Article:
Glacier FarmMedia COVID-19 & the Farm

CBOT weekly outlook: Corn, soy at high end of trading ranges

CBOT
(Lisa Guenther photo)

CNS Canada — Corn and soybean futures at the Chicago Board of Trade have moved to the high-end of their trading ranges, as the U.S. Department of Agriculture left ending stock estimates little-changed.

“Looks like we’re still trading ranges, but we’re back up to the top,” said Brian Rydlund, market analyst at CHS Hedging.

Corn and soybeans are trying to poke through resistance levels due to a seasonal rally, he added.

Corn prices have hit their bottom, and are moving near their first resistance level: US$3.60, in the May contract.

USDA’s world agricultural supply and demand estimates (WASDE) held little fresh news for the corn market.

Domestic corn stock estimates by USDA were in line with February’s estimates of 24.5 million tonnes, and world ending corn stocks were lowered to 207 million tonnes from 208.8 million tonnes.

“The numbers were pretty much right on from last month, which made them probably a little smaller than the average trade guess,” Rydlund said.

“So I guess if you went with that it’s a maybe a titch friendly,” he said.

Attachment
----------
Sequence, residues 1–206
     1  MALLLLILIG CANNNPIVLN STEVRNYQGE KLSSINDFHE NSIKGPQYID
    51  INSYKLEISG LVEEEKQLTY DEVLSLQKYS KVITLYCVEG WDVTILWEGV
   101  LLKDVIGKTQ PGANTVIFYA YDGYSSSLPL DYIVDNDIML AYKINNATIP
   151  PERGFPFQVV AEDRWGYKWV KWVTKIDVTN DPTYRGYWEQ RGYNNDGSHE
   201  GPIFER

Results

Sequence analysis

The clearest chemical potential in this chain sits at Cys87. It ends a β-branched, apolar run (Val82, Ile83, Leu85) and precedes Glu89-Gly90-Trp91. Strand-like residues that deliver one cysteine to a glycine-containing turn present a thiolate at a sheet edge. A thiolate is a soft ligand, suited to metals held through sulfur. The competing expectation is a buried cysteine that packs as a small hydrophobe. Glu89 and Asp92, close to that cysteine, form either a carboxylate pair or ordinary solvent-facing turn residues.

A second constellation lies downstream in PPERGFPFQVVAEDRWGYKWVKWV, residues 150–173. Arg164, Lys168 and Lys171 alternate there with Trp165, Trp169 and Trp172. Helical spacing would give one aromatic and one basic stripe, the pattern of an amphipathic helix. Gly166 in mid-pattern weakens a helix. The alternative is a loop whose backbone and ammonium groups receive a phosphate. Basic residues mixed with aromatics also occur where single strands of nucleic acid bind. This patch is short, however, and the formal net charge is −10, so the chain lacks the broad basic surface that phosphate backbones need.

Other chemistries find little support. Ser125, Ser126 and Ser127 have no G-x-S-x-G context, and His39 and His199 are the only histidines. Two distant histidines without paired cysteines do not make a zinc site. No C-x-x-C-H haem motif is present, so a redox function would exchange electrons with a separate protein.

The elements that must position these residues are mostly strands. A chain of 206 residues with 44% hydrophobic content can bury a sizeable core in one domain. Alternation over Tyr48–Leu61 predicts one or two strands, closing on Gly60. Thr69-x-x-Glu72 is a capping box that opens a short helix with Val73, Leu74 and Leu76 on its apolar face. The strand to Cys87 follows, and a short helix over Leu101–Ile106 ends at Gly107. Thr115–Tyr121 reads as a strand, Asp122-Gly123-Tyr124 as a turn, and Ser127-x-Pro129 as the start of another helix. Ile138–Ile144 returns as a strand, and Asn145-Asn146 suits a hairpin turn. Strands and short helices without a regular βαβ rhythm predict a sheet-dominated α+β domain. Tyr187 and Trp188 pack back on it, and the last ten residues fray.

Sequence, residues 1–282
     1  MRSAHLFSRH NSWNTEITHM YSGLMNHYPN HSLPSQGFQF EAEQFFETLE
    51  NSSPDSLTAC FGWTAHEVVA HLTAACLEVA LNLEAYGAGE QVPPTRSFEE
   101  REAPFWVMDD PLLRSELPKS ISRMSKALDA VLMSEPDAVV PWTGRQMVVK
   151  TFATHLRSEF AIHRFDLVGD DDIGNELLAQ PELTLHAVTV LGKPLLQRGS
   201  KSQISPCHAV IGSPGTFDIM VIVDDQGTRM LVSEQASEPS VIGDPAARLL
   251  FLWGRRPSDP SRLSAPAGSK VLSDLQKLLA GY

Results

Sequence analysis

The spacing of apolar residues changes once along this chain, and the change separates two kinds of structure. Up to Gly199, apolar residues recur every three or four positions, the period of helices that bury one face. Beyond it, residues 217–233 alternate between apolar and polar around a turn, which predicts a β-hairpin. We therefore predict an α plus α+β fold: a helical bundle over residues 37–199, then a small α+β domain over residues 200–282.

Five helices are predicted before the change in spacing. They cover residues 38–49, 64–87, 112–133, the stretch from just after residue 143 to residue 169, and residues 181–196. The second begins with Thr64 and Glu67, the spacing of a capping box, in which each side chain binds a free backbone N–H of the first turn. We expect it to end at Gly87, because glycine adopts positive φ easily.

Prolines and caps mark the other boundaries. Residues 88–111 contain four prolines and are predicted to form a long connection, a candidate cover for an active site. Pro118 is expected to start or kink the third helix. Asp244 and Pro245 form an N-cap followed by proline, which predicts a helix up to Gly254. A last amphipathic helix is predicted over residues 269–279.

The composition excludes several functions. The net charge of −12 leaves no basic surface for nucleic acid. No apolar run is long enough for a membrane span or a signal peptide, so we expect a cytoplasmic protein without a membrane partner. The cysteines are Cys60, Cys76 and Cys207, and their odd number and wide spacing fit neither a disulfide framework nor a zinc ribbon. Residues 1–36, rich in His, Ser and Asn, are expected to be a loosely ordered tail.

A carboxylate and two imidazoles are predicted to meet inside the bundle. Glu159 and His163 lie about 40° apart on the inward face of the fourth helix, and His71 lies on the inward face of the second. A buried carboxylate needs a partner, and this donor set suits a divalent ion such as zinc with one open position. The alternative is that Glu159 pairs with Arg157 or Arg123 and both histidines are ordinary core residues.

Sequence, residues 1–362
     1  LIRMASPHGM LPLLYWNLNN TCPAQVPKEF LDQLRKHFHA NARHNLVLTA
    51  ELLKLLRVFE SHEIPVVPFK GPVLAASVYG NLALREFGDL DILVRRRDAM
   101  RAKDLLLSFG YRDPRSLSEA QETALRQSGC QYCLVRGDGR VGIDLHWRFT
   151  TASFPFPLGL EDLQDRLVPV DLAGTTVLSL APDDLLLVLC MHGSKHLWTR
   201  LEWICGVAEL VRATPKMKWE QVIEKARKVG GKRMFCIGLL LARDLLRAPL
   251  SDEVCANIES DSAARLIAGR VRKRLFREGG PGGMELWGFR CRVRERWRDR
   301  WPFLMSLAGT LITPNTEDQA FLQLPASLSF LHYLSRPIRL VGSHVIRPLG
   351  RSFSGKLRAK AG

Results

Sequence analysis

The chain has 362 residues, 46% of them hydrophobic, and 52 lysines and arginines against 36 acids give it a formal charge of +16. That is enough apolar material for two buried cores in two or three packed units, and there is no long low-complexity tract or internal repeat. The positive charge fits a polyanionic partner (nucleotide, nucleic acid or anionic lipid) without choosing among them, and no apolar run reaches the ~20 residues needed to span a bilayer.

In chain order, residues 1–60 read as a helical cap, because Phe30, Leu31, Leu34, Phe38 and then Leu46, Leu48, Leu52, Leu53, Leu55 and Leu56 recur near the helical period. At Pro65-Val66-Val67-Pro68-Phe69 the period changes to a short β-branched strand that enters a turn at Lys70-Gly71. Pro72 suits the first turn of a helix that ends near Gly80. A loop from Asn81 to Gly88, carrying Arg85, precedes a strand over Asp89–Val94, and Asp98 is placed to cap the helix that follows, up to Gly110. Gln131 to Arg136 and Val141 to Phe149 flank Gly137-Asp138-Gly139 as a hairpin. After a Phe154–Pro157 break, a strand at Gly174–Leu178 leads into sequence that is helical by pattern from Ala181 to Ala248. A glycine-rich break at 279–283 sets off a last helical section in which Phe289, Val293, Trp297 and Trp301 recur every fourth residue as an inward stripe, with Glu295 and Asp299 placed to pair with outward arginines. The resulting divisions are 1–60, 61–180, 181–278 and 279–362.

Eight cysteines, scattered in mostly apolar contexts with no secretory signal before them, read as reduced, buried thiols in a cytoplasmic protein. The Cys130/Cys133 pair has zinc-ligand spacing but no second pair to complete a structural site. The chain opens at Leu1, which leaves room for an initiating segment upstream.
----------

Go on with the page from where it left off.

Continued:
Since last week, corn prices have gained 3.25 cents per bushel in the May contract, and 3.75 cents per bushel in the July contract (all figures US$).

Rydlund expects prices could edge higher, but won’t see any significant rally until South America finishes harvest.

“Until those guys are done it makes it a little tough for the U.S. right now.”

Soybean grower selling increased over the course of the week as prices rallied, Rydlund said.

“We saw the U.S. farmer sell some beans for the first time where it was noticeable, so that was encouraging to see.”

Since last week soybean prices have gained 24.25 cents per bushel in the May contract and 23.5 cents per bushel in the July contract.

While soybeans prices have moved higher, the long-term trend is lower, Rydlund said, as beans are in the process of building supply.

“I would expect that you won’t trade a lot of US$9 futures in that scenario, and you’ll probably trade something that starts with a seven by the end of summer.”

USDA’s projections for domestic soybean stocks were slightly higher than February’s estimates, at 12.5 million tonnes while global soy stocks were pegged at 78.9 million tonnes.

Weather is key in both the corn and soybean markets, Rydlund said, adding that traders are watching for a USDA prospective plantings report due out on March 31.

Jade Markus writes for Commodity News Service Canada, a Winnipeg company specializing in grain and commodity market reporting. Follow her at @jade_markus on Twitter.

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